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Should I Worry About TikTok?

10 minute read |An icon depicting a retail tag with a heart for 'favourite'CybersecurityRiskSocial Media

I discussed this issue with Catherine Cullen on CBC Ottawa Morning on 27-Jul-2020. Have a listen…

I also cover this issue in the inaugural episode of The Impact, my new show aimed to help you understand security and privacy and how it impacts you and your community. Check out episode #1, “Is TikTok A Threat?

When you open up TikTok, you’ll most likely see a brand new dance move catching fire. Some light comedy. Maybe even some unique and touching content (like #MeetMyParents).

TikTok is the latest social media craze. It has captured the attention of millions of users around the world. Lately, it’s been catching headlines for more than it’s wild growth…what is TikTok and is it a threat?

What is TikTok?

TikTok is a video-based social network. It centers around 15 second video clips. Typically dancing and lip syncing, but in recent months the content has diversified.

The network has brought on longer videos (up to 60 seconds) and is experimenting with live video. But at it’s heart, it’s all about the short, viral video.

How viral? TikTok already boasts 800 million active monthly users. For context, Twitter has about 330 million and Facebook has about 2.6 billion. This popularity helped make its parent company $17B in 2019.

This is an app and network designed to scale…fast. The initial experience is very intuitive and gets user exposed to content immediately.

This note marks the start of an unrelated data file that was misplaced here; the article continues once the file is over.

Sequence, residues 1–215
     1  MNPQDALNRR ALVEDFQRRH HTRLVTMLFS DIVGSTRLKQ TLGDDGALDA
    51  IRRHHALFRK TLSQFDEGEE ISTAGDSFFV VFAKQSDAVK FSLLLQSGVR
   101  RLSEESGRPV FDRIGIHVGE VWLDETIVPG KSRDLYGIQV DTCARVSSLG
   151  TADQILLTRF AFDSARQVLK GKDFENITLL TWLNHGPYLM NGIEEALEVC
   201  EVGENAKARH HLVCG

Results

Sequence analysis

Backing these short video clips is a large library of licensed music. The company is adding to that library as quickly as they can. This music provdies the backing track for videos and helps raise the quality of the content.

It’s also had an impact on the music world. Old Town Road reached #1 on the Billboard Hot 100 in large part to its viral success on TikTok in 2019. Not sure if that’s a vote in favour of the network or against it…

Echoing Vine, the design makes easier for content from creators to go viral…regardless of their following. The primary feed in TikTok, For You, is built by the service and full of video it thinks you’ll enjoy. That’s in stark contrast to the customized feed of the other social networks. Those feeds are built from organizations you follow mixed with targeted advertising.

On TikTok, you must take an additional step to get to that customized feed. Swiping left on the “For You” feed shows one that is solely constructed from content of people you follow.

This approach is very powerful. It exposes content to a much broader audience by default which helps spur growth.

Public or Private?

TikTok focuses on public content.

Part design, part lack of maturity, TikTok provides only coarse controls for visibility. Facebook and LinkedIn have a more nuanced system that was built over time and in response to user demand.

Videos and your profile are—by default—public.

You set videos as private or for “friends” (where there is a mutual following relationship). Videos set to private are not searchable. They don’t appear on your profile and don’t get added to the feed. and can only be seen by people following you or that you send the direct link to.

You can also set your entire profile to private. This set the default visibility of new videos to “Followers.” When your account is set to private, you have to approach any new followers. This provides a solid privacy baseline for your TikTok activities, if you so desire.

Bad Reputation

On description alone, TikTok seems harmless…at least as harmless as any social network can be.

Yes, the privacy controls could be a little more intuitive. But the network does not seem nearly as invasive others. That lack of invasive feeling is in part due to the setup but also due to the content. When you’re sharing jokes, dances, and other fun entertainment, it feels less risky.

So why is TikTok getting a ton of negative press lately?

Censorship

The first issue is censorship.